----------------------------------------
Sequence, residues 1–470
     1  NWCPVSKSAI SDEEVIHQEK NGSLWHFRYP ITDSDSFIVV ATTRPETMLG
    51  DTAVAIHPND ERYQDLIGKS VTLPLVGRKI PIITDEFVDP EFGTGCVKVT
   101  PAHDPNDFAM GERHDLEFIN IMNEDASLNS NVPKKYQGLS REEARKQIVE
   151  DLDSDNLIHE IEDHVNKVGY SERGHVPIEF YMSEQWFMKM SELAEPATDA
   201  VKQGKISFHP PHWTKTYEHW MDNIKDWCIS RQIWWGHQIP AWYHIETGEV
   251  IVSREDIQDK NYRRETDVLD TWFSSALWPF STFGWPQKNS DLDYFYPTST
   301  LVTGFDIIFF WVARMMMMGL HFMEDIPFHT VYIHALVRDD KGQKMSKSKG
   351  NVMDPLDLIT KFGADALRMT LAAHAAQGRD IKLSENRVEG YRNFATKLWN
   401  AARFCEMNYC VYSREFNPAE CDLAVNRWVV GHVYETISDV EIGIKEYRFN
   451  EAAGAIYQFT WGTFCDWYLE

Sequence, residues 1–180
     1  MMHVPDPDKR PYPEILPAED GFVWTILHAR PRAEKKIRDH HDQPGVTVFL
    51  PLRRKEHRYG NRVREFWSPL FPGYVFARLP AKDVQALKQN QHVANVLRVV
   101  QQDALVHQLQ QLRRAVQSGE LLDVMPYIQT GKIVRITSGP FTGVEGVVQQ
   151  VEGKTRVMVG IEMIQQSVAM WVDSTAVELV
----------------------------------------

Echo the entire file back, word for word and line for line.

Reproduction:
Sequence, residues 1–470
     1  NWCPVSKSAI SDEEVIHQEK NGSLWHFRYP ITDSDSFIVV ATTRPETMLG
    51  DTAVAIHPND ERYQDLIGKS VTLPLVGRKI PIITDEFVDP EFGTGCVKVT
   101  PAHDPNDFAM GERHDLEFIN IMNEDASLNS NVPKKYQGLS REEARKQIVE
   151  DLDSDNLIHE IEDHVNKVGY SERGHVPIEF YMSEQWFMKM SELAEPATDA
   201  VKQGKISFHP PHWTKTYEHW MDNIKDWCIS RQIWWGHQIP AWYHIETGEV
   251  IVSREDIQDK NYRRETDVLD TWFSSALWPF STFGWPQKNS DLDYFYPTST
   301  LVTGFDIIFF WVARMMMMGL HFMEDIPFHT VYIHALVRDD KGQKMSKSKG
   351  NVMDPLDLIT KFGADALRMT LAAHAAQGRD IKLSENRVEG YRNFATKLWN
   401  AARFCEMNYC VYSREFNPAE CDLAVNRWVV GHVYETISDV EIGIKEYRFN
   451  EAAGAIYQFT WGTFCDWYLE

Sequence, residues 1–180
     1  MMHVPDPDKR PYPEILPAED GFVWTILHAR PRAEKKIRDH HDQPGVTVFL
    51  PLRRKEHRYG NRVREFWSPL FPGYVFARLP AKDVQALKQN QHVANVLRVV
   101  QQDALVHQLQ QLRRAVQSGE LLDVMPYIQT GKIVRITSGP FTGVEGVVQQ
   151  VEGKTRVMVG IEMIQQSVAM WVDSTAVELV